My only condolence for the lack of large mammals is Kumily town has a bar.  Only the second one I’ve seen in India!  And its only INR65 a beer, bargain.  Gotta go, beer’s getting warm.

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It’s amazing what the people here do with the Coconut Palm.  In the Backwaters of Kerala it’s the basis for their whole economy.   The husks are soaked in water for six months and then pounded to produce coir fibre for rope and boat building; The leaves are used to make shelters for animals and sometimes people; The white inside is grated for all sorts of local dishes; The sweet milk inside is drunk; and the they are also dried and pounded to extract the oil which is used for cooking and in some ayurvedic treatments.  It really is a wonder plant for the area.

Beside all this – and for me the most interesting use, the flowers are tapped to extract a sweet sap which is then fermented to produce toddy.  Toddy is the most popular alcoholic drink in the rural areas of Kerala and there are toddy shops all around.  Many of them serve food and are almost like pubs in the UK.

I was quite excited about getting to try some when I was booking a backwater canoe trip in Kollam, but the guy booking the tour told me I wouldn’t see any on the trip.  I was a little disappointed, but this changed when halfway through the trip the guide asked if we wanted to try some. ‘Yes’ was my instant answer.

So off we traipsed through the Coco Plantation to a lean to shack in the middle of some rice paddies, where a very cheery man was sitting amongst some random plastic containers.  For INR60 he filled up my water bottle with some freshly tapped Toddy, but I couldn’t drink it straight away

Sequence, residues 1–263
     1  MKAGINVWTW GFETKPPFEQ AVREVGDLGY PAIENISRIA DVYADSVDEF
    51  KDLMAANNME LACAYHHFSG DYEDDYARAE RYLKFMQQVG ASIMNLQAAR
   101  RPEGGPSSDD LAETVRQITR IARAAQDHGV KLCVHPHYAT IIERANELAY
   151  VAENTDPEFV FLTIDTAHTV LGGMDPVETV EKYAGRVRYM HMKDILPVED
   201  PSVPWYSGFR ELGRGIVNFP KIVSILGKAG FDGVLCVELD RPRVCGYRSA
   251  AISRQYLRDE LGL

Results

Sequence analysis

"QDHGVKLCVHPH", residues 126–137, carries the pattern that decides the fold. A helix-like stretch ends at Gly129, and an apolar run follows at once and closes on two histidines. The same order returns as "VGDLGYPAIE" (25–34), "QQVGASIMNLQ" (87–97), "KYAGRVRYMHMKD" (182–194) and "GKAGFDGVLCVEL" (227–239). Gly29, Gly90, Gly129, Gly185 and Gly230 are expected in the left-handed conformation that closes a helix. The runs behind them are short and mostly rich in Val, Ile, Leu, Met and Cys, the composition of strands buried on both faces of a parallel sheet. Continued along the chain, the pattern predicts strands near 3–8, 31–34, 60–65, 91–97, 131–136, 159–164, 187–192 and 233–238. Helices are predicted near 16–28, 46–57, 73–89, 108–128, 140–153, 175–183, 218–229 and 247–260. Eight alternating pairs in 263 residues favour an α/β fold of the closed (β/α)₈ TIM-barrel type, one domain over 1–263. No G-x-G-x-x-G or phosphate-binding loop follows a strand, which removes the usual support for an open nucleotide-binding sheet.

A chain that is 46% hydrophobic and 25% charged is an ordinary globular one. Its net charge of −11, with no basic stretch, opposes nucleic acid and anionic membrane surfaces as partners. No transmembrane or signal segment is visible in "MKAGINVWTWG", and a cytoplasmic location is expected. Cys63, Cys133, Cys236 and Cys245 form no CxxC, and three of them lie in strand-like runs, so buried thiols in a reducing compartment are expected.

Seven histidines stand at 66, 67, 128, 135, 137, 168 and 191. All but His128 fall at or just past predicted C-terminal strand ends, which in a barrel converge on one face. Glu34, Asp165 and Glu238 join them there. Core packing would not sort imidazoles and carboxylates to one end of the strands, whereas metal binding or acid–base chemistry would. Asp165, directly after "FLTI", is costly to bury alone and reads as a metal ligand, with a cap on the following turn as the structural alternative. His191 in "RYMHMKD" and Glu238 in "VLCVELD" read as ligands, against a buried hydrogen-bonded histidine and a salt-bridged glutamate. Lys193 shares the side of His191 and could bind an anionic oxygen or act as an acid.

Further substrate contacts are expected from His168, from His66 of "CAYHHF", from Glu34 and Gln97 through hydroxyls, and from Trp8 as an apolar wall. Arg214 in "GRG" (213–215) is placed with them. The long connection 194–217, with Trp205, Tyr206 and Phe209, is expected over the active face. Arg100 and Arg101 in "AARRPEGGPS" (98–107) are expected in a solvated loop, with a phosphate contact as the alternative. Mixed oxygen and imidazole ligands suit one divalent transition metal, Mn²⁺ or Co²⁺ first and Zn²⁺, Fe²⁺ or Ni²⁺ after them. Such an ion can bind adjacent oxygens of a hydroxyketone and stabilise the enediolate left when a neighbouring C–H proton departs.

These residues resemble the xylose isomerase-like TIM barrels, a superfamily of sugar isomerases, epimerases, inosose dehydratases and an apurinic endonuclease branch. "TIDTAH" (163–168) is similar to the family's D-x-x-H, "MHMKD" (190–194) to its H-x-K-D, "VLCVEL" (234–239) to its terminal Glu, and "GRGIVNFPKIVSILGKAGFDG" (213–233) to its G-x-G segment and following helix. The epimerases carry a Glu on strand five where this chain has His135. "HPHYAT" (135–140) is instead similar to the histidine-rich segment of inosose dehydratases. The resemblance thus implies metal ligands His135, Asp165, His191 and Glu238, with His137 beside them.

– Not Ready.  Drink tomorrow morning, he told me

Not really up for getting drunk first thing I asked – What about tonight

– Tonight not strong.  Tomorrow Strong, he insisted

Oh well tomorrow morning it is.  He bid us farewell by saying

– Me toddy Tapper, and beating his chest at the same time.

The toddy was a live science experiment in my hands.  It kept fizzing and lightening in colour as the sugar changed to alcohol.  I tasted the brew at various times through the process and found its flavour changing quite rapidly.  The only problem was it was warm.  I can’t drink warm beer, never mind warm coconut moonshine.  So it sat.  And next morning I couldn’t really face it, and it sat some more.  By night time when I felt like trying it again it was gone bad.  That’s the thing about toddy, it doesn’t keep.  24 hours and it’s turning to vinegar.

So my first foray into toddy didn’t go to well, but a couple of days later and I’m outside Mantancherry Palace, in Cochin, I see a sign saying ‘TODDY’.  I was a bit hesitant but I went in anyway. Inside they were selling Ice cold toddy – much more up my street.  And it was great, almost like a coconut cider, refreshing with a kind of sherbet fizz.  The barman handed me some tapioca with mustard seeds and curry leaves to try.  I’d never tried tapioca on its own but the starchy texture was a perfect accompaniment to the cold toddy.

I’m glad in the end, after hearing so much about it, that toddy is after all a fine product of the coconut palm.